Surf Rash Sucks. Here’s How to Deal With It.
We’ve all been there. You’ve been waiting weeks for the swell to arrive, and you’re over the moon when you finally get to paddle out. Climbing out at the end of the session, however, brings an unwelcome surprise: a painful red rash is spreading over your chest, armpits, thighs, and maybe even your knees.
A surf rash flares up when your skin is weakened by exposure to salt water over the course of a surf session, exacerbated by tiny, abrasive sea salts that rub against the skin. Over time, these salts have an abrasive effect on weakened skin, causing inflammation, pain, and sometimes even a superficial wound.
Here are three ways to deal with a surf rash and get back on your board.
A good healing ointment is as much of a surfing staple as a tin of zinc. Addressing irritated skin immediately after a surf session will rapidly set you on your path to healing, as surf rashes are rarely worse than shallow wounds that stand to heal over a day or two. Rinse off your rash with clean water, and apply a moisturising cream or ointment known for its wound healing properties.
Aquaphor, Pawpaw ointment, Vaseline or even nappy rash are all good products to reach for when you’re ready to begin the healing process. Just be careful about applying ointment before getting in the water- any leaks onto your board will lead to a particularly slippery surf session!
Let It Heal Before Returning To the Water
This piece of advice is likely to be universally ignored, but it remains an excellent tip all the same. Keen surfers are likely to slap a layer of ointment over a surf rash overnight, and grin and bear the paddling pain in the following days. Not only does this slow down the healing process by letting a wound come into contact with salt water all over again, but it can actually worsen and deepen a shallow surf rash into something even more painful.
It may hurt to watch your friends load their boards and leave you at home, but sitting out for a couple of days to let a surf rash heal is the fastest way to a full recovery.
Prevention is Key
For the most part, surf rashes are an unavoidable part of surfing. Small changes, like a change in surf attire, wax, or simply getting back in the water after a long break, can make a surfer even more vulnerable to surf rash. Ultimately, our bodies adapt to changing conditions rather quickly, and the areas of skin that rub against irritants do toughen up eventually. Even so, there are a few ways to at least minimise, if not avoid, surf rash from the get go.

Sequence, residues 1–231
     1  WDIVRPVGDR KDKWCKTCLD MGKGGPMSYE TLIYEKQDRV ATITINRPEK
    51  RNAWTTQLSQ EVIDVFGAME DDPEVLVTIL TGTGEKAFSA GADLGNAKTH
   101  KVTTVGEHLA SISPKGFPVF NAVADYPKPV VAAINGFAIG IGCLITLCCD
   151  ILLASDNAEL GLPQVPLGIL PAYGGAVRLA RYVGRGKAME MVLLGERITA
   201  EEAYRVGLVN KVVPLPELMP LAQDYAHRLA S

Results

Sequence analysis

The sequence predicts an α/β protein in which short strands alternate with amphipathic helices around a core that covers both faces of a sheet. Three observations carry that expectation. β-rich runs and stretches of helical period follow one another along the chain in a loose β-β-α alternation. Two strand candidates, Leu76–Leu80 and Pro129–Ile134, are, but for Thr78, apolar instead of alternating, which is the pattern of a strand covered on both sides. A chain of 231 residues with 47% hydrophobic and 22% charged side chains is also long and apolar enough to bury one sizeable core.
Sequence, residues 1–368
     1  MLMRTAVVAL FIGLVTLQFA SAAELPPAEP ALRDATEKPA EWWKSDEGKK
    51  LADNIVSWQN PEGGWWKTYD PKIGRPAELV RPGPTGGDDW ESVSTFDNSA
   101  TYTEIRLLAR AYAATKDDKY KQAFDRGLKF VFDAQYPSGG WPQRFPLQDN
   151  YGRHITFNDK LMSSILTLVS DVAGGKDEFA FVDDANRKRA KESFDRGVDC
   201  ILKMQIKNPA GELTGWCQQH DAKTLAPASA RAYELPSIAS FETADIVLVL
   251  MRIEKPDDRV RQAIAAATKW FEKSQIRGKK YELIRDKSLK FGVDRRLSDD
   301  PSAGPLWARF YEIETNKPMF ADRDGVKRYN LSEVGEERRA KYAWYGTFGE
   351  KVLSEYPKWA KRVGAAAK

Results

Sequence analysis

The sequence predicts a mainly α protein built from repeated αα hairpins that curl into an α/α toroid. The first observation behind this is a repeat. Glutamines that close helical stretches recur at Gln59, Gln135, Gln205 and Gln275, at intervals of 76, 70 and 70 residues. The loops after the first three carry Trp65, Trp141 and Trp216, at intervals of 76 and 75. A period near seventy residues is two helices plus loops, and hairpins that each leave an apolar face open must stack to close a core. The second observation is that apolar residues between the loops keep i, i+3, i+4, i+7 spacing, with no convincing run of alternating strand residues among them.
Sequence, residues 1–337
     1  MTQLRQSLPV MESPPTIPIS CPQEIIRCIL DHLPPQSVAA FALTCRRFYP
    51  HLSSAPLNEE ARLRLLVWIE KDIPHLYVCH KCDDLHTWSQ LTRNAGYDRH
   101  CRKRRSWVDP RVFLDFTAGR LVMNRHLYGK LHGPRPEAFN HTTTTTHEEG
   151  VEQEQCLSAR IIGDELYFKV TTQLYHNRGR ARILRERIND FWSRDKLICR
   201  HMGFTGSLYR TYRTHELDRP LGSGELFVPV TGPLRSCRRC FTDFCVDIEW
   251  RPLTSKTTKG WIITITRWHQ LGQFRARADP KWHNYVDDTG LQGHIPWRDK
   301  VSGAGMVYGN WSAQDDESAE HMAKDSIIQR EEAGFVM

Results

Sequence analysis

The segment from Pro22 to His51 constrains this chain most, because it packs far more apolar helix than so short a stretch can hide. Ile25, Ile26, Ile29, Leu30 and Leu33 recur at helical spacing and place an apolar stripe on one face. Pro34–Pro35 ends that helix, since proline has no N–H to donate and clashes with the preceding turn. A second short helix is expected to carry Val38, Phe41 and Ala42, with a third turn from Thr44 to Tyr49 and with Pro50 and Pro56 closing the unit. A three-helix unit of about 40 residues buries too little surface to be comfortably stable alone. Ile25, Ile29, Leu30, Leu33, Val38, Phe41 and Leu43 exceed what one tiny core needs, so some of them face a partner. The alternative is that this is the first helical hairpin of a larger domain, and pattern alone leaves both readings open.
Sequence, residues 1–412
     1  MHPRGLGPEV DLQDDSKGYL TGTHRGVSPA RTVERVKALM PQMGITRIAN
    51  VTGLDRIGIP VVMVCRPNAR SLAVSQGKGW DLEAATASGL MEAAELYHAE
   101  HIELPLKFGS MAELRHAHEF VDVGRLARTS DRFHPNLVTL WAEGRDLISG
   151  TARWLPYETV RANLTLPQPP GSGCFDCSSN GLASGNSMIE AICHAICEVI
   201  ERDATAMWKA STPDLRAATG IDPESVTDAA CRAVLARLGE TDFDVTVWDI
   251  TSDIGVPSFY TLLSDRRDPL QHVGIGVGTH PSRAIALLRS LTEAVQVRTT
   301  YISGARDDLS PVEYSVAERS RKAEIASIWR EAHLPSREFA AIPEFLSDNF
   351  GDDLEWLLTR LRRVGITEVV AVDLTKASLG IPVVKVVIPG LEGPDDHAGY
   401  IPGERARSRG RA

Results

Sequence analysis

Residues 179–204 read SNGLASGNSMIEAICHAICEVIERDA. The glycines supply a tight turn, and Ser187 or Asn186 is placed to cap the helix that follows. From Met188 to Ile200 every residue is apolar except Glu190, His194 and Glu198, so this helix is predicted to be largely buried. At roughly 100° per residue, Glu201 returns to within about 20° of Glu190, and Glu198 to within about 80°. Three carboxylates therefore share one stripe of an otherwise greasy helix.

Wearing a proper rash guard when surfing in warm water is a good way to avoid chest, nipple and stomach rashes, and rash guard pants can help protect from knee rashes. Get a high-quality rash guard that fits snug against your skin, and you should notice a major difference.
Applying a layer of lubricating ointment around your known sensitive areas before a rash flares up is another great way to avoid chafing. When wearing a wetsuit, apply ointment around your neck, collar and armpit areas to start. This is particularly important when wearing a new wetsuit, or throwing one on after an extended period of time spent surfing in warmer water.
When buying a new wetsuit, don’t skimp on quality. Make sure to buy a wetsuit with taped or blind seams, or else you will likely find that the seams become major spots of irritation for your skin. A good wetsuit can be the difference between your skin slowly toughening up, or becoming more and more sore with every session.
If you’re struggling with a painful surf rash, try out these strategies to get the most out of your next session. If you have any tricks up your sleeve that we’ve missed here, leave them in the comments below!
Top Tip: Don’t try duct taping a piece of foam to yourself to cover your rash. Move painful to pull it off.